Hemond is looking to raise trade heat at winter meetings

November 30, 1990|By Peter Schmuck

The major-league half of the winter meetings will open this weekend in Chicago -- instead of Los Angeles as originally planned -- but even with a new location, it figures to be the same, old story.

The annual trading convention has lost much of the urgency that once made it the focal point of off-season baseball business. Where there was once a trading deadline that kept suspense building throughout the week, there now is a thriving free-agent market that makes trading more difficult and less important. The 26 clubs will be represented at the Hyatt Regency O'Hare (the headquarters hotel), but many of them already are conceding that very little is going to happen.

Baltimore Orioles general manager Roland Hemond is not one of them. He has been talking trade since early October and hopes that his countless conversations with other clubs count for something.

"I always go in with the idea that we'll do something," he said. "We don't usually get shut out. You hope and try to convince people that they shouldn't go with the thought in mind that they aren't going to do anything. Because if you say you're not going to do something, you have a tendency to back it up by not doing anything. You should go in with a positive attitude."

But the deadening impact of free agency has been compounded this year by the likelihood that another group of quality players will become new-look free agents in January.

There is room to wonder if baseball's trade market will do any serious business before spring training.

Hemond remains optimistic, even in the face of the most muddled off-season in the post-reserve clause era. By his own account, he has come away from the winter meetings empty-handed only once since 1971.

Still, Hemond concedes that the environment is not conducive to the kind of trading activity that once made the winter meetings such a bustling marketplace, and the lack of a firm trading deadline has taken away what little incentive was left to close a deal at the convention.

"There was talk about that," he said, "that maybe [reinstituting a deadline] would help. The last convention before the free-agent draft was instituted, I was working for Mr. [Bill] Veeck, and we made six trades in three nights."

Those days are gone forever, but there is strong sentiment that ** something needs to be done to keep the meetings alive.

"I think what would really help along those lines would be to have a trading deadline again," said Philadelphia Phillies general manager Lee Thomas. "The way it is now, it's too much like treading water. It gives people an excuse to wait. They should have to make up their minds."

There also has been talk of moving future conventions back into January so that there is less competition with the free-agent re-entry system.

The majors' half of this year's meeting was in danger of being canceled when the major-league clubs pulled out of the Los Angeles convention because of the ongoing contractual dispute between Major League Baseball and the National Association of Professional Baseball Leagues. But the commissioner's office rushed to reschedule, moving the major-league meetings to Chicago before anyone got a chance to find out if they would have been missed.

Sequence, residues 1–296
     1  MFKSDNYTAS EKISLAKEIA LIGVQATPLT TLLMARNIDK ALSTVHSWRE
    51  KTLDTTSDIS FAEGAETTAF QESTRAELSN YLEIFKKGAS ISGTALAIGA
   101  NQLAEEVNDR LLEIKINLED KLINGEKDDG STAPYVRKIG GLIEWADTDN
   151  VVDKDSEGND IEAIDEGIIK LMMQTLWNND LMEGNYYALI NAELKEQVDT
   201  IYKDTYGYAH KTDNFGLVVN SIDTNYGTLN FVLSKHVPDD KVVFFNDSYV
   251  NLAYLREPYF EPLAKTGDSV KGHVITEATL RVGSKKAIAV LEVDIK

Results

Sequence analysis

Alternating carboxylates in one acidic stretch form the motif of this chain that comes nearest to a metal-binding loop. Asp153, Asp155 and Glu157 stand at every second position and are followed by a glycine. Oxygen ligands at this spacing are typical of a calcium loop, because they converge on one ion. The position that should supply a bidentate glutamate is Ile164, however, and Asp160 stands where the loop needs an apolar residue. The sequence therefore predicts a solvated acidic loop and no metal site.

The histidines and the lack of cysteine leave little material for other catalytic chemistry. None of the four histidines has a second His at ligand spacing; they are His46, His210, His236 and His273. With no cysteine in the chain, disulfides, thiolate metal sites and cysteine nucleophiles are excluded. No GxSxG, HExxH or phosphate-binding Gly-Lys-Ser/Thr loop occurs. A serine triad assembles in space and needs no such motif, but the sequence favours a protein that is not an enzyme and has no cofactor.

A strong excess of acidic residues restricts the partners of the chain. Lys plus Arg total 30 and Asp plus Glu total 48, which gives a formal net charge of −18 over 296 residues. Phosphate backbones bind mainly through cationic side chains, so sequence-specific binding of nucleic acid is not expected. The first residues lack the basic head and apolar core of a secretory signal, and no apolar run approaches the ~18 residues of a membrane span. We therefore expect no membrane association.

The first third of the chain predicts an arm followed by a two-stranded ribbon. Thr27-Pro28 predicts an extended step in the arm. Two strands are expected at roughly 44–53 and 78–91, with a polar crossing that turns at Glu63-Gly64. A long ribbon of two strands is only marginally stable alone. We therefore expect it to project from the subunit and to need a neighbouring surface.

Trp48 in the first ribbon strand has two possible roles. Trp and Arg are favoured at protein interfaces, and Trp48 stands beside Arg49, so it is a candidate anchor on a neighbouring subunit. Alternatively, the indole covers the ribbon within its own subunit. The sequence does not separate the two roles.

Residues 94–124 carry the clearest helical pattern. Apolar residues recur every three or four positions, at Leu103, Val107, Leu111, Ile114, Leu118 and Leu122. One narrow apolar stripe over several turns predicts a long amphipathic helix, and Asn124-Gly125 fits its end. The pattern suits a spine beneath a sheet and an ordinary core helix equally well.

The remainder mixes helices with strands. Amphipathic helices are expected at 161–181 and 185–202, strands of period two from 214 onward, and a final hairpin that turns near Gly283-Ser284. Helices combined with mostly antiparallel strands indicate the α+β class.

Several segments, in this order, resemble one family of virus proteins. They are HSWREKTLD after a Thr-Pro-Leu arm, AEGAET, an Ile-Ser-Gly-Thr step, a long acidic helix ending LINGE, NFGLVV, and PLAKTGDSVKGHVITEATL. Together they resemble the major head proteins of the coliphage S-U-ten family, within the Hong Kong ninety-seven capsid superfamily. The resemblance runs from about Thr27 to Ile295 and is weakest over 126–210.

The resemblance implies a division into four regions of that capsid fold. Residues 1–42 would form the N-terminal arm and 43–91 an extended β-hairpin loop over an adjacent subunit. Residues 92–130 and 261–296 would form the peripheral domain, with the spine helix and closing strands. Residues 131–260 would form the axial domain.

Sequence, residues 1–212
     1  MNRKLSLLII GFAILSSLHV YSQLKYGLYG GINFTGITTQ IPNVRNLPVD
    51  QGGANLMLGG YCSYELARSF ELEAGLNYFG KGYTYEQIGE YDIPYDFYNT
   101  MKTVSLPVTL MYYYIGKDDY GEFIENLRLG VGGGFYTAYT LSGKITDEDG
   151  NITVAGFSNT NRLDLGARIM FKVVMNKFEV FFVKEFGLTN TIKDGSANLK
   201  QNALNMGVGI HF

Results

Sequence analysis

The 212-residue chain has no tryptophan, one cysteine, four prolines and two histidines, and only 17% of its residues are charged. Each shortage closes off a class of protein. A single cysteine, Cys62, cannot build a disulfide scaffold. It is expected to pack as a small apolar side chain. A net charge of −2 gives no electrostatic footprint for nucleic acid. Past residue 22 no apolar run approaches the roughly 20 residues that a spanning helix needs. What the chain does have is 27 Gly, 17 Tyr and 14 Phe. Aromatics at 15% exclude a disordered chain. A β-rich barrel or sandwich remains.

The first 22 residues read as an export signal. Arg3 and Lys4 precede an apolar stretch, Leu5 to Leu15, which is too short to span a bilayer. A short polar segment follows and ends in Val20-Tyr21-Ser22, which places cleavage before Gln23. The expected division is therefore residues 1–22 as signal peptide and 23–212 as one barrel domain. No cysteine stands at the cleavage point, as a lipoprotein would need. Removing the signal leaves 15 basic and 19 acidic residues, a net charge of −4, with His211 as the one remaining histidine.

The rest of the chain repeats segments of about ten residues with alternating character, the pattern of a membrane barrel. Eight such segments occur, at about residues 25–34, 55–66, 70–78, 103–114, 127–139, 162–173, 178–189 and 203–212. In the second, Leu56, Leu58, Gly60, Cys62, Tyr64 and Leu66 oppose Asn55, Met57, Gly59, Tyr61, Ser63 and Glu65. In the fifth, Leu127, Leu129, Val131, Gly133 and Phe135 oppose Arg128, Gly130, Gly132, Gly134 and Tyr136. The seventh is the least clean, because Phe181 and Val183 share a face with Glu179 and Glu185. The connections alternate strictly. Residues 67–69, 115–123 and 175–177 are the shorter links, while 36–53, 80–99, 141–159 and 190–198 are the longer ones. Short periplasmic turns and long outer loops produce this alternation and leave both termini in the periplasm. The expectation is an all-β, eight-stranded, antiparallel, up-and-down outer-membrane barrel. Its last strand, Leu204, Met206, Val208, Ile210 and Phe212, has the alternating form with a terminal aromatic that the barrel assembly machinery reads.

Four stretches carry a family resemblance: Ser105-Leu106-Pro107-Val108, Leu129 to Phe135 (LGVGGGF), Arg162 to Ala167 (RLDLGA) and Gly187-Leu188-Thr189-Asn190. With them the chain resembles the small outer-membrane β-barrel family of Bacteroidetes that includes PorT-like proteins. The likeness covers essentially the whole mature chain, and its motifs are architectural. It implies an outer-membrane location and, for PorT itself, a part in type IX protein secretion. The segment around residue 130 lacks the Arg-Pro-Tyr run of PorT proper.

Most baseball business is transacted over the phone, anyway, but Hemond said that there is no substitute for face-to-face trade discussions.

"In a face-to-face setting, you have more of the principals of each club involved," he said. "You might have your club president, your manager, your owner present. That gives you the opportunity to caucus for a few minutes, have a quick discussion and come back and say, 'You've got a deal.' When you do it over the phone, you might have to go back and talk to your people and they have to talk to theirs. There's more time for something to get in the way of a deal."

Hemond has been on the phone almost constantly since the regularseason ended. The Orioles tried to make a pre-emptive trade in early October, but found most teams reluctant to talk seriously because a giant crop of free agents is ready to hit the market.

The club's priorities have not changed, but the inability to strike a deal forced the front office to focus more attention on free agents. There are offers outstanding to left-handed pitcher Matt Young and first baseman-outfielder Franklin Stubbs, but neither is expected to make a decision until after the meetings.

Hemond reportedly made a play for Boston Red Sox outfielder Mike Greenwell soon after the Red Sox were eliminated from the playoffs, but Boston general manager Lou Gorman later told the Orioles and the rest of the major leagues that Greenwell was not on the block. Interest also has been expressed in Philadelphia Phillies outfielder Von Hayes (who is available) and California Angels outfielder Dante Bichette.

The Orioles have a better feel for their roster than many other teams, because they have only one front-line player, Mickey Tettleton, testing the free-agent market. By comparison, the Pittsburgh Pirates have eight players on the open market, which makes it virtually impossible for them to be an active participant in this year's trading festival.

Free-agent signings

# American League * Detroit: Signed OF Rob Deer, Milwaukee. Re-signed OF John Shelby.

* Kansas City: Signed P Mike Boddicker, Boston.

* New York: Signed P Steve Farr, K.C. Re-signed P Tim Leary.

* Oakland: Re-signed C Jamie Quirk.

:. * Toronto: Signed P Ken Dayley, St. Louis.

National League * Chicago: Signed P Danny Jackson, Cincinnati.

* Cincinnati: Re-signed P Tom Browning.

* Los Angeles: Signed OF Darryl Strawberry, New York Mets.

=1 * San Francisco: Signed P Bud Black, Toronto.

Japan Central League * Taiyo Whales: Signed OF R.J. Reynolds, Pittsburgh.

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